Last week’s plethora of China activity data was all better than expected. Annual growth to October in retail sales, exports, fixed asset investment and industrial production were all up on the growth recorded in the year to September. It’s only the more recent release of new loans growth and money supply data that has taken the shine off a little bit by not meeting expectations. Credit conditions remain relatively tight however social financing appears on track for a record year which will provide ongoing support for GDP growth.
The authorities have maintained a cautious approach to easing with only a modest cut to interest rates in the middle of the year and three reductions to the bank reserve ratio that still leaves it significantly higher than the historical average. More recently the authorities have been using short-term liquidity measure to free-up credit markets.
The tick down in annual inflation over the last two months suggests policy could have been eased more aggressively however the authorities have also been concerned not to reflate the bubble in some parts of the residential property market. Also the labour market and domestic spending (nominal retail sales +14.5% in the year to October) have held up well, negating the need for more aggressive policy action.
While we expect inflation to head higher from the current 1.7% annual rate in the period ahead, it appears unlikely to test the official target of 4% any time soon. The PBoC appears likely to continue the process of “fine tuning” policy settings but they have ample room to be more aggressive should that be needed.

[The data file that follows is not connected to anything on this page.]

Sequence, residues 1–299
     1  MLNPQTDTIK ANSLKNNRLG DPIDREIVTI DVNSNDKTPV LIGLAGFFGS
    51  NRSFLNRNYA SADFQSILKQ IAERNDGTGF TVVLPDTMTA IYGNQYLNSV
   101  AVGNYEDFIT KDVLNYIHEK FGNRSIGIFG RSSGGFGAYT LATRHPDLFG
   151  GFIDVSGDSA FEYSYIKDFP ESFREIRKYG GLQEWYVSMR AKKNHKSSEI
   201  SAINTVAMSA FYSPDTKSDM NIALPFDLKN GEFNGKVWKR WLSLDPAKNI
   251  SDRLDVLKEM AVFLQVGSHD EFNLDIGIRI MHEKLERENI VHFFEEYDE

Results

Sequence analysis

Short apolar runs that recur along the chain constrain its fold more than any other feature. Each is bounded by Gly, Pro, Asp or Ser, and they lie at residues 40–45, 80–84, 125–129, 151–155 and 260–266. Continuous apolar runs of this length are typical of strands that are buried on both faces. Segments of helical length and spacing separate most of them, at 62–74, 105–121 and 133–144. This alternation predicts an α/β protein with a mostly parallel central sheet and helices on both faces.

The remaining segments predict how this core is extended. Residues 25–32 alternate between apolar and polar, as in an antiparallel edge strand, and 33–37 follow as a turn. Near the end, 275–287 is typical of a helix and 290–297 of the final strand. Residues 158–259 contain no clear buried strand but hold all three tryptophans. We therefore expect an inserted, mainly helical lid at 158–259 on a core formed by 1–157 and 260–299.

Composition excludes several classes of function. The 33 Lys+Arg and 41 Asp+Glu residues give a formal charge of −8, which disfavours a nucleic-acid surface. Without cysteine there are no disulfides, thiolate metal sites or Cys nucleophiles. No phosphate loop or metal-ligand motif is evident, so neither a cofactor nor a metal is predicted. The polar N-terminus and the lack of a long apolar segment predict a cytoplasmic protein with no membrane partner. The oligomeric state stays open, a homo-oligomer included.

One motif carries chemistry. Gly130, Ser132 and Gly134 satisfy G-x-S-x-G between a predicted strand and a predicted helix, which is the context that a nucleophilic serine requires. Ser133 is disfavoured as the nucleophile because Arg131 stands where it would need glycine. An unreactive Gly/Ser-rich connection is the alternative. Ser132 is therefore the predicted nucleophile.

At the moment it looks like it won’t be needed. Our China GDP forecasts have annual GDP growth stabilising at the September level of 7.4% into the end of the year. That would give annual average growth of 7.6% for the 2012 calendar year, just a tad higher than the official target of 7.5%. The better activity data suggests there is an element of upside risk to our year-end forecast. It’s been a long time since we’ve been able to say that about China, or any country for that matter.
We are also keeping a watchful eye on the leadership transition currently underway. So far signals from the Communist Party Congress (at least from outgoing President Hu Jintao) appear supportive of continued rebalancing in the economy towards consumption. Less positive are the signals that a heavy state involvement in key industries will be maintained. That will constrain gains in productivity that will be essential if incomes are to rise to support higher consumption, at the same time as inflation is kept in check.